These snorkeling spots are accessible to beginners and kids. You will enter the water gradually from a beach, or in a less than 3ft. deep area. The sea is generally calm, shallow, with almost no waves or currents. These spots are usually located in marked and/or monitored swimming areas. It is not necessary to swim long distances to discover the sea life.This level only apply when the spot experiences optimal sea and/or weather conditions. It is not applicable if the sea and/or weather conditions deteriorate, in particular in the presence of rough sea, rain, strong wind, unusual current, large tides, waves and/or swell. You can find more details about the definition of our snorkeling levels on our snorkeling safety page.
Fitzroy Island, 4870 Fitzroy Island, Australia
Located on a tropical island in Great Barrier Reef Marine Park, Fitzroy Island Resort is situated between the beach and the rainforest. Cairns is 45 minutes away by ferry. All rooms at Fitzroy Resort offer modern amenities including air conditioning and cable TV. Each has an en suite bathroom with shower, fridge, and tea/coffee making facilities. Guests can relax in the outdoor swimming pool with the bar or the in-house cinema. Walking trails lead through the rainforest and along the white coral beaches.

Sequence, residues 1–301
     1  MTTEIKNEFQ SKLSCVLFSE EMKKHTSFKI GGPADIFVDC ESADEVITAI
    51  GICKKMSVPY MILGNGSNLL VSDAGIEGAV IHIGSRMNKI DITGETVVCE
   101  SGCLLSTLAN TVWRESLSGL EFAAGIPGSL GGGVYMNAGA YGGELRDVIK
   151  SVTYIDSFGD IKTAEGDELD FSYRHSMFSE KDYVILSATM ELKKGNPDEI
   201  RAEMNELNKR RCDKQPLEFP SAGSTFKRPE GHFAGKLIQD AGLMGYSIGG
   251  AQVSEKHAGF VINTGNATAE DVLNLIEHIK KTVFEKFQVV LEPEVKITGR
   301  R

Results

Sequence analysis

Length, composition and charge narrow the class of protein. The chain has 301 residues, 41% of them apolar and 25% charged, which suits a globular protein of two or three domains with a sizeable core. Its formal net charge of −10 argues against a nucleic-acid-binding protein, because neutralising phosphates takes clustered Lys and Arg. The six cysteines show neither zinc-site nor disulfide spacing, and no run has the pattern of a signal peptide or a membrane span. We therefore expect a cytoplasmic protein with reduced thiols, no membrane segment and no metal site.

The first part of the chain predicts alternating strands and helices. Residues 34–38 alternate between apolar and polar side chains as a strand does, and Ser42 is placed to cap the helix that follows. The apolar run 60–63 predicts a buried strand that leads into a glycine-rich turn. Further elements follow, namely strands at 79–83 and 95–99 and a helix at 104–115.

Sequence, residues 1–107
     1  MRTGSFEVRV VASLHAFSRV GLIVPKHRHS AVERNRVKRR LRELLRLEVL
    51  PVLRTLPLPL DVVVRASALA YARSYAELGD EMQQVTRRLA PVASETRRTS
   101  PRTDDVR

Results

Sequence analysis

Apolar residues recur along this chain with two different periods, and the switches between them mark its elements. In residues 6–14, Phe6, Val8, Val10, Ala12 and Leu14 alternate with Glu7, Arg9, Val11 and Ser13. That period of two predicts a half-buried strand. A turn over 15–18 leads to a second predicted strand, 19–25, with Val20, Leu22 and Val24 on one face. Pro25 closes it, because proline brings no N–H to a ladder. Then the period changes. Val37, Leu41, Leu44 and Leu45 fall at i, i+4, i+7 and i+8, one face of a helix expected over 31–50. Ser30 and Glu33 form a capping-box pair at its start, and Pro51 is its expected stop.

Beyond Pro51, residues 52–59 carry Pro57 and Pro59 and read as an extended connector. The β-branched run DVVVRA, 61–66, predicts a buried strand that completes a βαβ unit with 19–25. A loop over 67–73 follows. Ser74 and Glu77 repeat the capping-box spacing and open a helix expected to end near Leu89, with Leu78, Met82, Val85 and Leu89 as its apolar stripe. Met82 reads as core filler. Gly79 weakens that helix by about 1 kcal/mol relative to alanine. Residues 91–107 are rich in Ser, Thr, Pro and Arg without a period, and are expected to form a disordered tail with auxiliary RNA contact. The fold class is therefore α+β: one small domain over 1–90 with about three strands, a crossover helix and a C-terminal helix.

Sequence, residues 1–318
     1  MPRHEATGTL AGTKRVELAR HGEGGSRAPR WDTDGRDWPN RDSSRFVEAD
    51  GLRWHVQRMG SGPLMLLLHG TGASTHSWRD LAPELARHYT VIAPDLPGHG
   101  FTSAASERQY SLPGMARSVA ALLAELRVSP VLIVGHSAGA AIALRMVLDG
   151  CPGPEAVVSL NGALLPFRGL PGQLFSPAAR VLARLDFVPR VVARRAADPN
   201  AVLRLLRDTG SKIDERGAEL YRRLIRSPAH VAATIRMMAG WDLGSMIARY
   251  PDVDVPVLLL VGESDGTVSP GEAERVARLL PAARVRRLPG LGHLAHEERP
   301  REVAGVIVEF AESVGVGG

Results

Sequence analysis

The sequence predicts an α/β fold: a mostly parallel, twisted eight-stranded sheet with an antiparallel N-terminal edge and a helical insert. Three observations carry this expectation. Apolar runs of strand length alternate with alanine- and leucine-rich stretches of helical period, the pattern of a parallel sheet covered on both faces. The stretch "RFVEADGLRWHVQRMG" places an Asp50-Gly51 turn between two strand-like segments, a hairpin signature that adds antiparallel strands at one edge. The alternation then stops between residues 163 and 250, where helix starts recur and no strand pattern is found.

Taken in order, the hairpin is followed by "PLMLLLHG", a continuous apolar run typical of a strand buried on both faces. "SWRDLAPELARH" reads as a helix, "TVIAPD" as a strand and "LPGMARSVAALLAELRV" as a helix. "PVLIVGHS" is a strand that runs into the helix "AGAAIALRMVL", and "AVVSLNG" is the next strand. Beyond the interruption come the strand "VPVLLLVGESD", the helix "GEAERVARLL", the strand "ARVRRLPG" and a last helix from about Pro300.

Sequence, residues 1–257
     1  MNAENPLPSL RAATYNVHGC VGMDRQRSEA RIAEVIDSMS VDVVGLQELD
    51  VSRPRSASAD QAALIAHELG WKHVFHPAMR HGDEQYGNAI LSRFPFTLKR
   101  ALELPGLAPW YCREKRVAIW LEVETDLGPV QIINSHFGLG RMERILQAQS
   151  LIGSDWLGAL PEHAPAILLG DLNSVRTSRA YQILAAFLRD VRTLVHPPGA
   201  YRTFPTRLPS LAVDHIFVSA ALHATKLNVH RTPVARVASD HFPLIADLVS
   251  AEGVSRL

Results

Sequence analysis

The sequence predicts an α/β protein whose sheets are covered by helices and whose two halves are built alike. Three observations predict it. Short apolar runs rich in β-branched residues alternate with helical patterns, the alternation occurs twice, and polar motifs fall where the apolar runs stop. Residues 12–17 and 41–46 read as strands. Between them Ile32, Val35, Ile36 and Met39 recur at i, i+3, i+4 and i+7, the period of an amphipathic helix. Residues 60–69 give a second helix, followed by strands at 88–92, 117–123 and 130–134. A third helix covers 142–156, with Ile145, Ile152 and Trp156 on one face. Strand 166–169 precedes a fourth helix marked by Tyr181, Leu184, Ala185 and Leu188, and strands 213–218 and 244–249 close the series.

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Snorkeling spots are part of a wild environment and their aspect can be significantly altered by weather, seasons, sea conditions, human impact and climate events (storms, hurricanes, seawater-warming episodes…). The consequences can be an alteration of the seabed (coral bleaching, coral destruction, and invasive seagrass), a poor underwater visibility, or a decrease of the sea life present in the area. Snorkeling Report makes every effort to ensure that all the information displayed on this website is accurate and up-to-date, but no guarantee is given that the underwater visibility and seabed aspect will be exactly as described on this page the day you will snorkel the spot. If you recently snorkeled this area and noticed some changes compared to the information contained on this page, please contact us.
The data contained in this website is for general information purposes only, and is not legal advice. It is intended to provide snorkelers with the information that will enable them to engage in safe and enjoyable snorkeling, and it is not meant as a substitute for swim level, physical condition, experience, or local knowledge. Remember that all marine activities, including snorkeling, are potentially dangerous, and that you enter the water at your own risk. You must take an individual weather, sea conditions and hazards assessment before entering the water. If snorkeling conditions are degraded, postpone your snorkeling or select an alternate site. Know and obey local laws and regulations, including regulated areas, protected species, wildlife interaction and dive flag laws.
Queensland & the Great Barrier Reef
Shallow reefs and seagrass meadows with sea turtles, giant clams and reef fish
Protected coral reef with sea turtles and reef fish
Shallow coral reef with fish and clams
Lagoon and reef drop off with sea turtles, manta rays and sharks